Mary DiOrio, MD, Brian Fowler, MPH, Shannon L. Page, Richard Thomas, MPH, Kevin Sohner, Ohio Dept of Health; Andrew Bowman, DVM, Richard Slemons, PhD, Dept of Veterinary Preventive Medicine, Ohio State Univ; William G. Davis, PhD, Rebecca Garten, PhD, Stephen Lindstrom, PhD, Michael Jhung, MD, Timothy M. Uyeki, MD, Influenza Div, National Centers for Immunization and Respiratory Diseases; Celia Quinn, MD, EIS Officer, CDC. Corresponding contributor: Celia Quinn, MD,, 614-728-6941.

Editorial Note

Of the hospitalized H3N2v patients described in this report, 10 of 11 were children, and six of 11 were considered at high risk for influenza complications because they were aged <5 aged="aged" agricultural="agricultural" all="all" among="among" and="and" at="at" attendance.="attendance." attending="attending" avoid="avoid" barn="barn" brief="brief" children="children" chronic="chronic" complications="complications" conditions.="conditions." conditions="conditions" confer="confer" contact="contact" current="current" days="days" died.="died." direct="direct" exposure.="exposure." exposure="exposure" fair="fair" fairs.="fairs." fairs="fairs" findings="findings" for="for" four="four" from="from" had="had" high="high" hospitalizations="hospitalizations" i="i" illness="illness" in="in" including="including" indirect="indirect" influenza="influenza" medical="medical" no="no" observed="observed" of="of" one="one" only="only" or="or" patient="patient" patients="patients" pens="pens" persons="persons" pigs="pigs" recommendations="recommendations" reported="reported" risk="risk" severe="severe" should="should" six="six" support="support" swine="swine" that="that" the="the" these="these" three="three" underlying="underlying" was="was" were="were" when="when" who="who" with="with" years="years">2
). Clinicians should be aware that rapid influenza diagnostic tests might not detect H3N2v virus (4). Specific H3N2v virus testing is available only at state public health laboratories and CDC. In two instances, rRT-PCR testing for H3N2v was positive after ≥10 days of illness in patients who were not immunosuppressed and did not receive antiviral treatment. Both patients had documented infection with other pathogens (P. aeruginosa in patient A and parainfluenza virus type 3 in patient B). Although P. aeruginosa bacteremia undoubtedly contributed to patient A's death, the role of parainfluenza virus infection in patient B's illness is unknown.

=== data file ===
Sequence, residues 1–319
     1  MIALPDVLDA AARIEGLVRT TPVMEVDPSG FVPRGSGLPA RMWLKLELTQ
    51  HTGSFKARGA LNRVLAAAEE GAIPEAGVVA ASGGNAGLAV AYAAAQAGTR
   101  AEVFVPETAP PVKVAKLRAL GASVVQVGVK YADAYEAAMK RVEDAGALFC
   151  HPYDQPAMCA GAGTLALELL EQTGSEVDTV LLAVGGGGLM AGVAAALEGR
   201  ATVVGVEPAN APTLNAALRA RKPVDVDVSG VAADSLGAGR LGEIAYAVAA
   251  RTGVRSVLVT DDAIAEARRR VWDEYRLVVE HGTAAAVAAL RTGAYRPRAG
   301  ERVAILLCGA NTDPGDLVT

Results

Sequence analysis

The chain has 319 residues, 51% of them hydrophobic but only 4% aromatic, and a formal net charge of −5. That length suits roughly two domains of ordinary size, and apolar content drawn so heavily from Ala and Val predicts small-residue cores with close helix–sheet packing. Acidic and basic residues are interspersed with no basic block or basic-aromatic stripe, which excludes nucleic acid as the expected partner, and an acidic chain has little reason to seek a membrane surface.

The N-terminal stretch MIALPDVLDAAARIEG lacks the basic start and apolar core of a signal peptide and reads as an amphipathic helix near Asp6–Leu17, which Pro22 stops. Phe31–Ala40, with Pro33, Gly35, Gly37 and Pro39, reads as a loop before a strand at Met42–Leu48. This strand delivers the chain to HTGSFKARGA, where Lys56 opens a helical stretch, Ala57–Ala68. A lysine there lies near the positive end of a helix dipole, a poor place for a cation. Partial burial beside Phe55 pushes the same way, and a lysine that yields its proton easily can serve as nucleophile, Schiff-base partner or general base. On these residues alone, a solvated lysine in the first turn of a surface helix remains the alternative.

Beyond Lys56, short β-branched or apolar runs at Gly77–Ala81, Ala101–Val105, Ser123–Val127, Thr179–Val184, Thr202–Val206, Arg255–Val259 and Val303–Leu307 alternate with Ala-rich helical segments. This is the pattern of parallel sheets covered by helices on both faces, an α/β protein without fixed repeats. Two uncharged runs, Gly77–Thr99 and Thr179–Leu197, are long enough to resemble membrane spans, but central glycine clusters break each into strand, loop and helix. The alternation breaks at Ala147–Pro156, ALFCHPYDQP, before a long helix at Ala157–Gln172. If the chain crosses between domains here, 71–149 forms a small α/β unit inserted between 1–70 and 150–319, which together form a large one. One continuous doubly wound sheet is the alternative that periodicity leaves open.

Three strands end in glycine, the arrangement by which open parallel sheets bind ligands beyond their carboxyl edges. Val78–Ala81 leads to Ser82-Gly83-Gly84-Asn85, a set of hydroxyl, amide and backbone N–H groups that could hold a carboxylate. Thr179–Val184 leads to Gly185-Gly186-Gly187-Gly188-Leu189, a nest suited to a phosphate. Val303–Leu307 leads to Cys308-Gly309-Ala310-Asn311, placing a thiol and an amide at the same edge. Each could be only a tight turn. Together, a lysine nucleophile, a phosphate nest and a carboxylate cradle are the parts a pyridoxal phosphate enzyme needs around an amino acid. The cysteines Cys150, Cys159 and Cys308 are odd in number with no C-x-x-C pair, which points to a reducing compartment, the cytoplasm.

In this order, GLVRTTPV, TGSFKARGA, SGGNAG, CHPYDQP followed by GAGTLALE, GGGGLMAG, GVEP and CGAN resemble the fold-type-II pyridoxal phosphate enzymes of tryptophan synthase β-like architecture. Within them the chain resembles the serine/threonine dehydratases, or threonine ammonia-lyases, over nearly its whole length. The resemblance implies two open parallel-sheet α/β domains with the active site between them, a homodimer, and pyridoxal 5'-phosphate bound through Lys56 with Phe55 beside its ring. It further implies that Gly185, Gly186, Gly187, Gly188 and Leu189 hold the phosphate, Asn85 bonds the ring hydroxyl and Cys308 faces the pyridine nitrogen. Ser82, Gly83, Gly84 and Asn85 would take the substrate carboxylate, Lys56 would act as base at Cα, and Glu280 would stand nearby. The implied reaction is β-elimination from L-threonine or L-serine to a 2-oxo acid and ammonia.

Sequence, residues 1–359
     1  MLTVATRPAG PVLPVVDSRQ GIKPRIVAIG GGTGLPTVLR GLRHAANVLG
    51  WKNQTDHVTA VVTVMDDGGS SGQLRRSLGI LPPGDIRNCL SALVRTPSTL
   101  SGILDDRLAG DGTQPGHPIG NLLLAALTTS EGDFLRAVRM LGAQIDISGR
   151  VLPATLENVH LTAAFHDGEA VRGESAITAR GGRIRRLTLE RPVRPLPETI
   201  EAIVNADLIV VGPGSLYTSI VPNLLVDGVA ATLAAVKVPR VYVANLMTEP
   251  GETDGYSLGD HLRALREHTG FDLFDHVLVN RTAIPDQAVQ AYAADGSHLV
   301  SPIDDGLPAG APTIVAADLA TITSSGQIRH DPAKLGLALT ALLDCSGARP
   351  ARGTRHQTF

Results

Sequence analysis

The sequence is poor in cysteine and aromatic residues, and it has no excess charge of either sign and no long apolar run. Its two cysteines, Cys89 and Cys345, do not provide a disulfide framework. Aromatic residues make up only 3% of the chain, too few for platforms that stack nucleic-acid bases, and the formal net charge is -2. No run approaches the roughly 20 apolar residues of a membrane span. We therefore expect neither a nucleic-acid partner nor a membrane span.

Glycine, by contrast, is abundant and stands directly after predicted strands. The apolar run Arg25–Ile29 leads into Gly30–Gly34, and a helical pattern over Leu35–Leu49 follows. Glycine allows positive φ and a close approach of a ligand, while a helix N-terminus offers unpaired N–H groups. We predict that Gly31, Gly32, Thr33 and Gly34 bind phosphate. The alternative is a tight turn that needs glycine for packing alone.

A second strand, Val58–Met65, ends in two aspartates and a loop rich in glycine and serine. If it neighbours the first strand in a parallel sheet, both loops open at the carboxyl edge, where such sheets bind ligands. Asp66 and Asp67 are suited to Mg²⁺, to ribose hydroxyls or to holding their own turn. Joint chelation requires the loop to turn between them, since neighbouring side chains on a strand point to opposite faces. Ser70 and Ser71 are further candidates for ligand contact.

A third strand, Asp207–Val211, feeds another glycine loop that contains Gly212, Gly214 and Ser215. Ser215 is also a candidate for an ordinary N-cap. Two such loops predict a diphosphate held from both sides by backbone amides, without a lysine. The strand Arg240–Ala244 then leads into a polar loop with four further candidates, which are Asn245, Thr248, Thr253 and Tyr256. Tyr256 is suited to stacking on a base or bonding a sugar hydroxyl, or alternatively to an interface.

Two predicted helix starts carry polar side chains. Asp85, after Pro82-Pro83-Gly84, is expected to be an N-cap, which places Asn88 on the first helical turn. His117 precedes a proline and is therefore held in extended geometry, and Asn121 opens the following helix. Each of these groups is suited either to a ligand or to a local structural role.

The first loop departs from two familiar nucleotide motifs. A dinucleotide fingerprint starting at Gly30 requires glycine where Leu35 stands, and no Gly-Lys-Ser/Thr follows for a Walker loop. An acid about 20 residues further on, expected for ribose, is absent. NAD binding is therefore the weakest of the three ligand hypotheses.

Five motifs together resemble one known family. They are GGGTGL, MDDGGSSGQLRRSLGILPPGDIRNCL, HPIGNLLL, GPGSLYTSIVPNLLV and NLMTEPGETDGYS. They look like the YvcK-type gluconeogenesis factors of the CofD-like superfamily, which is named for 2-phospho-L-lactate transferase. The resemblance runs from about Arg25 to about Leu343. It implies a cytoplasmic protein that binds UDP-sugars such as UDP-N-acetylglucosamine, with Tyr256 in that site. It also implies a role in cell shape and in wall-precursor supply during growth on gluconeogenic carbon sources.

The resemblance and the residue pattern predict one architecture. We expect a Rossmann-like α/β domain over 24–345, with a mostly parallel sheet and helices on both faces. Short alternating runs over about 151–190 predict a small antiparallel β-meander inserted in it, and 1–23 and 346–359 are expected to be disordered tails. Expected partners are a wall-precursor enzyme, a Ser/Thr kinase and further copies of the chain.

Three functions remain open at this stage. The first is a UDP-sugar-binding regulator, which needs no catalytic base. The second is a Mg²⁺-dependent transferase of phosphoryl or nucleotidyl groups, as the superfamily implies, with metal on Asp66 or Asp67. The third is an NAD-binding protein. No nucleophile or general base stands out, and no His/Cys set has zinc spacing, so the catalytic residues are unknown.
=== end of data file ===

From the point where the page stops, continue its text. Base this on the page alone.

Of the six patients at high risk for influenza complications, two received antiviral treatment within 2 days after illness onset, while five of 11 patients were not treated at any time during their hospitalization. Clinicians should be aware that starting empiric antiviral treatment for 5 days with oral oseltamivir or inhaled zanamivir as soon as possible after onset of symptoms is recommended for any hospitalized patient with suspected influenza, including H3N2v, without waiting for testing results (2,5). Beginning antiviral treatment as soon as possible also is recommended for outpatients with suspected influenza who are at high risk for influenza complications (2,5). Five H3N2v patients reported here were not in a high risk group, highlighting the fact that H3N2v virus infection can cause illness resulting in hospitalization, even in otherwise healthy persons. The current interim recommendations from CDC also encourage early antiviral treatment of non-high–risk outpatients with suspected H3N2v virus infection (2).
Public health professionals should be aware of the possibility of continued outbreaks of H3N2v virus related to agricultural fairs where swine are present. Pigs with influenza virus infection might be present at agricultural fairs, and swine might be asymptomatically infected with H3N2 or other influenza A viruses (6,7). Limited serologic studies indicate that children aged <10 antibodies="antibodies" cross-protective="cross-protective" h3n2v="h3n2v" i="i" lack="lack" to="to" virus="virus" years="years">8